There have been no approvals in Australia or New Zealand for topical (applied to the skin) mTOR inhibitors to be used to treat facial angiofibromas. The US Food and Drug Administration (FDA) has approved topical sirolimus to treat facial angiofibromas.

Despite the lack of formal approval in Australia, some doctors will consider prescribing a topical mTOR inhibitor to treat facial angiofibromas. This is called ‘off-label’ use.

In some hospitals, dermatologists have secured hospital funding for this medicine. Some hospital pharmacies and compounding chemists will formulate sirolimus cream at 0.1%, 0.5% or 1% from tablets as suggested by the prescribing doctor. See more here.

TSA is working with researchers and health care professionals towards a long-term solution for equitable access to this medicine.

In New Zealand, Pharmac has funded this medicine for a small number of children through the named patient pharmaceutical assessment process.

What research has been done?

The first clinical trial into the use of topical mTOR inhibitors to treat facial angiofibromas is called the TREATMENT (Topical Rapamycin to Erase Angiofibromas in TSC – Multicenter Evaluation of a Novel Therapy) Randomised Clinical Trial. One Australian centre participated in this trial, and you can view the published paper here.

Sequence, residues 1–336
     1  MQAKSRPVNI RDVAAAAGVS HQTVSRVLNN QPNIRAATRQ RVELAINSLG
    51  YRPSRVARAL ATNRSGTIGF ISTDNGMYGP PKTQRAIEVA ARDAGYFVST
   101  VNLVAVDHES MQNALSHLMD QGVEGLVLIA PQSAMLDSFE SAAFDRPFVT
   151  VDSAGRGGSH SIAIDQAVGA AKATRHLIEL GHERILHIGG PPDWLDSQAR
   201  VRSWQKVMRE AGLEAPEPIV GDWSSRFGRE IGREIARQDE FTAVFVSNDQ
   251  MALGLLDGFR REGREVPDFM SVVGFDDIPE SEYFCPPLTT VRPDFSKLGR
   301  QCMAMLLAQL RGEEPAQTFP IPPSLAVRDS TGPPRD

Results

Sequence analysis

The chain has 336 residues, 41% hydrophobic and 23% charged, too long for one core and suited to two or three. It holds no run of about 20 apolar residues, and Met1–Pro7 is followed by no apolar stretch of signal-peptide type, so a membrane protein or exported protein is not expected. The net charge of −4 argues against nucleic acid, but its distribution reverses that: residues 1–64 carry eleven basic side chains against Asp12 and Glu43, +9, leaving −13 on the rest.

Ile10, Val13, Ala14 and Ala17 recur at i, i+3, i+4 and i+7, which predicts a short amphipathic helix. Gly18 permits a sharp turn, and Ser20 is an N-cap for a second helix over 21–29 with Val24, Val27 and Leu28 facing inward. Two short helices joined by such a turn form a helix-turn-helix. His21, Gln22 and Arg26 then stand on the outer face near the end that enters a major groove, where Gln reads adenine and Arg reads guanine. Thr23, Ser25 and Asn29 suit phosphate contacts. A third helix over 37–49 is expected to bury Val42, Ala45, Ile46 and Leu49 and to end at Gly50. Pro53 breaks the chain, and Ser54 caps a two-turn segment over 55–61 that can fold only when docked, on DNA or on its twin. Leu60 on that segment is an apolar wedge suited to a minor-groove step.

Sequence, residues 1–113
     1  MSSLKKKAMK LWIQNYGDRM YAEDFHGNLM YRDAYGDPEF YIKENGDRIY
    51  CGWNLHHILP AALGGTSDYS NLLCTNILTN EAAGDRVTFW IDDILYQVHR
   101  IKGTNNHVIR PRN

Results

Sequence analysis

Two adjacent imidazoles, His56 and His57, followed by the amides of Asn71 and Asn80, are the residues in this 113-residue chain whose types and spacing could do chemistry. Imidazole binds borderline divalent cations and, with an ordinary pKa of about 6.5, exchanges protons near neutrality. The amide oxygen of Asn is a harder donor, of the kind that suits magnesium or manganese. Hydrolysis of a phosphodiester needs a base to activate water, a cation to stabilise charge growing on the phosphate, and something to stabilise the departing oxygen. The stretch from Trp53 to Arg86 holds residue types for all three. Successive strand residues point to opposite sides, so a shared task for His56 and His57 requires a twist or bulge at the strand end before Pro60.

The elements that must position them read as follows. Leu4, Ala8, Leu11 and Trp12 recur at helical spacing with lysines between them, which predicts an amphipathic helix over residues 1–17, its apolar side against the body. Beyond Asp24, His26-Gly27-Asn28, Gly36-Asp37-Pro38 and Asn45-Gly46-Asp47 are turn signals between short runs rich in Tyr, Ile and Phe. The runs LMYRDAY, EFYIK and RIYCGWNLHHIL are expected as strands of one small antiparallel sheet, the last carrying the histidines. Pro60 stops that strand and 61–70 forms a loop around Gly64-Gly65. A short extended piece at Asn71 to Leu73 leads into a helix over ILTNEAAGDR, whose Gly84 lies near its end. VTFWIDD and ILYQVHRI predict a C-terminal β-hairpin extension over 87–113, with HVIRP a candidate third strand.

In the TREATMENT trial, the researchers found that compared with baseline, end-of-treatment photographs were improved in 81.8% of patients in the 1% Sirolimus treatment group compared with 65.5% in the 0.1% Sirolimus treatment group.  Overall, the researchers concluded that topical Sirolimus appears effective and safe for treating TSC-related facial angiofibroma at a preferred dose of 1% once daily.  The main side effects of the treatment were localised irritation and itching, and overall the treatment was well tolerated.

In addition, the clinical trials investigating mTOR inhibitor use in SEGAs (EXIST-1) and kidney AMLs (EXIST-2) found some evidence of improvements in facial angiofibromas in patients taking an oral mTOR inhibitor. Several case reports also suggest that Sirolimus may be effective if applied directly to the skin. Some of these studies include:

For more information regarding facial angiofibromas in TSC and their management, please see this webinar by Dr Joyce M C Teng, Professor of Dermatology and Pediatrics, Stanford University. PLEASE NOTE:  This video was produced for a United States audience, so some of the information regarding medication approvals and access will not be accurate in an Australian context.

Who should I speak to about this?

Consult your dermatologist to find out more about this medicine and discuss how this information applies to your circumstances.

mTOR inhibitors for LAM

What is LAM?

Lymphangioleiomyomatosis (LAM) is a lung disease that affects almost exclusively women, usually between the onset of puberty and menopause. When a person has LAM, an unusual type of muscle cell is found in their lungs, airways, and blood and lymph vessels. Over time, these muscle cells destroy the lungs and make it difficult for oxygen to get across the wall of the airway and into the blood cells. This prevents the lungs from providing oxygen to the rest of the body. You can read more about LAM on our information page on Lungs.